Second NHL Team for Toronto and the Gretzky Connection

Martin AverySenior Writer IApril 24, 2009

GLENDALE, AZ - APRIL 07:  Head coach Wayne Gretzky of the Phoenix Coyotes looks on during the NHL game against the St. Louis Blues at Jobing.com Arena on April 7, 2009 in Glendale, Arizona. The Blues defeated the Coyotes 5-1.  (Photo by Christian Petersen/Getty Images)

A growing number of NHL governors and owners believe a second franchise for Toronto is a good idea, according to the Globe and Mail.

NHL deputy commissioner Billy Daly met with a group in Toronto to talk about a second team in the greater Toronto area, it has been reported widely. NHL Players' Association executive director Paul Kelly also took part in the two and a half hour meeting.

The location for the new team and arena is in Vaughan, a city just north of Toronto, one of Canada's fastest growing municipalities, on land owned by businessman Victor De Zen.

News of the meeting between Daly and a group fronted by Kevin Maguire, a former Toronto Maple Leafs player, arrived at the same time as rumors the NHL would take over the Phoenix Coyotes for financial reasons.

Many pundits quickly put two and two together and concluded the Phoenix Coyotes could be moving to Vaughan.

"The city above Toronto", as its known, is where Wayne Gretzky played junior hockey. Gretzky now coaches the Phoenix Coyotes.

Gretzky played for the Toronto Nationals of the now defunct Tier II Junior "A" ice hockey league, which was a part of the Ontario Provincial Junior A Hockey League and the Metro Junior B Hockey League.

The14-year-old Gretzky challenged the wishes of the Canadian Amateur Hockey Association to sign with the Toronto Nationals. Gretzky had played two seasons with the Nationals and scored 63 goals for 132 points in just 60 games.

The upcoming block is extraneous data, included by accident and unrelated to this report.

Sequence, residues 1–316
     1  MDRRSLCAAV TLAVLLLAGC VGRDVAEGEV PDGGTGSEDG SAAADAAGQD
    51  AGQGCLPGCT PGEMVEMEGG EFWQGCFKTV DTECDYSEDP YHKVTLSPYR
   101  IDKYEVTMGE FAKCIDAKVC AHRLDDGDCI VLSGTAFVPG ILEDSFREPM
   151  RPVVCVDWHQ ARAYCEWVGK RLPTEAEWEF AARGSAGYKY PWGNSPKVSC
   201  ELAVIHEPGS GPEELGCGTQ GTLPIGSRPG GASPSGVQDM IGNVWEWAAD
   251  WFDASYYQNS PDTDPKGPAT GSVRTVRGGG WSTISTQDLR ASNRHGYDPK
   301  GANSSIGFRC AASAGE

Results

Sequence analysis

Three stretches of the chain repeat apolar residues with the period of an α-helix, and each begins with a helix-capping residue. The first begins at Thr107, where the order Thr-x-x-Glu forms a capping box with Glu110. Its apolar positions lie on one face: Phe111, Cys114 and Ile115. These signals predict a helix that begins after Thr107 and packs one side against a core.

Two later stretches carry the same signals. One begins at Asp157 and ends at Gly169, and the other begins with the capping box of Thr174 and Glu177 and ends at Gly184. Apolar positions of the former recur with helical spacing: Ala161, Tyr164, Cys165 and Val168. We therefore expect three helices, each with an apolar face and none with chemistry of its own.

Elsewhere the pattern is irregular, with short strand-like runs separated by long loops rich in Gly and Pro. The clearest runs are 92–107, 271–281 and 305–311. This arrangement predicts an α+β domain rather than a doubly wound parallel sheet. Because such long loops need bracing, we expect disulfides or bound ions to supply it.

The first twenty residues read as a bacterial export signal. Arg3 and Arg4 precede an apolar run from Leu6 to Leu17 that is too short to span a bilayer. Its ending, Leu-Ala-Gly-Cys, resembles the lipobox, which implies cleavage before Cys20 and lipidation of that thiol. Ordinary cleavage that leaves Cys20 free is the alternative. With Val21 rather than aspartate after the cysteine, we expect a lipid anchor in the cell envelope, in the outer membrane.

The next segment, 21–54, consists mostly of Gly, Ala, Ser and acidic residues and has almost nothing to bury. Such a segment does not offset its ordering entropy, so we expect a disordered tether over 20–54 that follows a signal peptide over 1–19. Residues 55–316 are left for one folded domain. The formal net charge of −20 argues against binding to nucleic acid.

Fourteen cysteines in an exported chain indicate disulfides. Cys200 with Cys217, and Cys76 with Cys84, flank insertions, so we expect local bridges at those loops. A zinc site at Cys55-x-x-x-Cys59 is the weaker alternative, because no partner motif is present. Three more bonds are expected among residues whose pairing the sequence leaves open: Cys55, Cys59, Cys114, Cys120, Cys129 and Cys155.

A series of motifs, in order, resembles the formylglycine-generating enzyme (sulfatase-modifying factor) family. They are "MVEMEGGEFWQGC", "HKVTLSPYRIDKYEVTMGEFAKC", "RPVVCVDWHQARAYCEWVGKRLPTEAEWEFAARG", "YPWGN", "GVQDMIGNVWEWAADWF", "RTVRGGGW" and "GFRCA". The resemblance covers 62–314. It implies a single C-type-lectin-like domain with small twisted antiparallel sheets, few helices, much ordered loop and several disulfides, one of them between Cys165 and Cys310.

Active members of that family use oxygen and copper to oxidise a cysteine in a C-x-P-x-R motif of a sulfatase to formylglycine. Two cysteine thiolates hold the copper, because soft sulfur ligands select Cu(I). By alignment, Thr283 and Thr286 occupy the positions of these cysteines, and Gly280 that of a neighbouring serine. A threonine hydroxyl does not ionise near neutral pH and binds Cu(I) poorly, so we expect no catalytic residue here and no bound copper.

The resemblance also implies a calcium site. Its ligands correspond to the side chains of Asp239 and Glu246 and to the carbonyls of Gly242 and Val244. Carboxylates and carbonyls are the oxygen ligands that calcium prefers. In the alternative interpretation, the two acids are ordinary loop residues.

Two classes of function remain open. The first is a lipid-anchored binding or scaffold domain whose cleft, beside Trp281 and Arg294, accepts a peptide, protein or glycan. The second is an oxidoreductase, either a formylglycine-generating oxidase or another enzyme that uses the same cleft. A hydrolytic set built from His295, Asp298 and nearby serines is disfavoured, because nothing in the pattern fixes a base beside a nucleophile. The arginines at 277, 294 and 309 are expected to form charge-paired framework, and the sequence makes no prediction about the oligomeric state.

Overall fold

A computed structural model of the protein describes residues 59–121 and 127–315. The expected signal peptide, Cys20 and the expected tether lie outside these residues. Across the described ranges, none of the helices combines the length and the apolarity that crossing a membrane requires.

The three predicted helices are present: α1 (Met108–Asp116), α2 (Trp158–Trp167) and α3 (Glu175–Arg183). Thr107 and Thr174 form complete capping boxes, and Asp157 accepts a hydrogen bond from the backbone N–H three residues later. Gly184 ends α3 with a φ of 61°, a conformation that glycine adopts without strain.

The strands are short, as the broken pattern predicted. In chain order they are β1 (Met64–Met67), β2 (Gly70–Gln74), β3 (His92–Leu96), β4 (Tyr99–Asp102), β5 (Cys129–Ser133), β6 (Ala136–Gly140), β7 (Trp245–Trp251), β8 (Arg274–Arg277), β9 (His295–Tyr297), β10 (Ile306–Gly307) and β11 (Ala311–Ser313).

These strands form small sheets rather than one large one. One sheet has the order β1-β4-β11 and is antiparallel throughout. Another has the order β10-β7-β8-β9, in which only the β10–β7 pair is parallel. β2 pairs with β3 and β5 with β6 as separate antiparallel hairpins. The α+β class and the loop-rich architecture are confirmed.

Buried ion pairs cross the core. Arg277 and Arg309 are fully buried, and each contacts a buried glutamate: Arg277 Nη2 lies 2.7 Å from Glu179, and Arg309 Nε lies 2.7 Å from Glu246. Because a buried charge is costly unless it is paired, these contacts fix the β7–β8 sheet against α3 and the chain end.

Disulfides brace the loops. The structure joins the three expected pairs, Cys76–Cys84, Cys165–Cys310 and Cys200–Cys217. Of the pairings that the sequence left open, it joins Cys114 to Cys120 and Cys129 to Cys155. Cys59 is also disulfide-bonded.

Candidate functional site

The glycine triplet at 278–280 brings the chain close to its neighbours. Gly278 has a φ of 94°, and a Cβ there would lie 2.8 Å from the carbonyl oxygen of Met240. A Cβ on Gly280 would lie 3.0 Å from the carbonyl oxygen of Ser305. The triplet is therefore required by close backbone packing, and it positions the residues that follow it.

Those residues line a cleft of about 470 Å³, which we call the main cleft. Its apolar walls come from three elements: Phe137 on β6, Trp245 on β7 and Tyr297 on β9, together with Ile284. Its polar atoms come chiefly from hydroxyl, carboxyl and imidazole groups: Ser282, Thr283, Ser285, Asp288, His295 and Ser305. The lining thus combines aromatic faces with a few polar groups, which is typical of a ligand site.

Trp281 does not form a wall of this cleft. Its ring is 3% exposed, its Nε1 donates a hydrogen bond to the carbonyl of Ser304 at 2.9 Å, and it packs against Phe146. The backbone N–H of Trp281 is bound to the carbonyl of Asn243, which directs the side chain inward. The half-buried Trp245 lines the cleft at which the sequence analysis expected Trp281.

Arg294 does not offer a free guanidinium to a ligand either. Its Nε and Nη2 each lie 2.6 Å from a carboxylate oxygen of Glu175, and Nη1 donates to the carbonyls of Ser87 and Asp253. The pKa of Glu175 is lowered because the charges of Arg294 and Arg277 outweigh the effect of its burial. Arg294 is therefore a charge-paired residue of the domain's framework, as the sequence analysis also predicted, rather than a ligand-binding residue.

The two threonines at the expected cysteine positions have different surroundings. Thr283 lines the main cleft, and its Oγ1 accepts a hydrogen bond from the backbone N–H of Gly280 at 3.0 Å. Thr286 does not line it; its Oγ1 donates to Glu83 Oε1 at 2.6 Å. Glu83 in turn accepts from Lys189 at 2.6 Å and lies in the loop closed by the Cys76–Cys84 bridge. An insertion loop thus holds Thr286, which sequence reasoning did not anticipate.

The Nationals won the 1977 Metro championship, led by Gretzky with 75 points in 23 playoff games. The next season he signed with the Sault Ste. Marie Greyhounds just before turning professional.

The NHL's front office denied they were making plans to add a second National Hockey League franchise in the Toronto area. Members of the group  fronted by Maguire were told by Daly that the NHL is not ready to expand or relocate one of its struggling franchises at this time.

Rumours of a potential second team in the GTA have been circulating for more than half a year and made headlines for 24 hours.

"Second NHL team in GTA?" the Toronto Star headline read.

"What's a good name for a second Toronto NHL franchise?" the National Post asked.

"NHL meets with business group hoping to score another team for Toronto" the Globe and Mail headline said.

"Secret backers look to launch NHL team in Vaughan" was the headline in CP24.

"Vaughan could be home to new NHL team" the
680 News reported.

"New Toronto NHL team makes sense" the Hamilton Spectator headline said.

Maguire declined to identify the members of the group.

Vaughan mayor Linda Jackson came out in support of the idea. She said that getting an NHL team would be a massive shot in the arm for the City of Vaughan and a benefit for hockey fans across the GTA.

Maguire said his group wanted the NHL to know that if they ever change their mind, the City of Vaughan would be the best option and the proposed site the best location.

Maguire played for the Leafs in the 1986-87 season and then played three seasons for the Sabres and the Philadelphia Flyers before returning to the Leafs in 1990 for two more years. The Toronto native later worked as an NHL referee.

A fee as high as $200 million would have to be paid to the Toronto Maple Leafs to waive their territorial rights under NHL by-laws.

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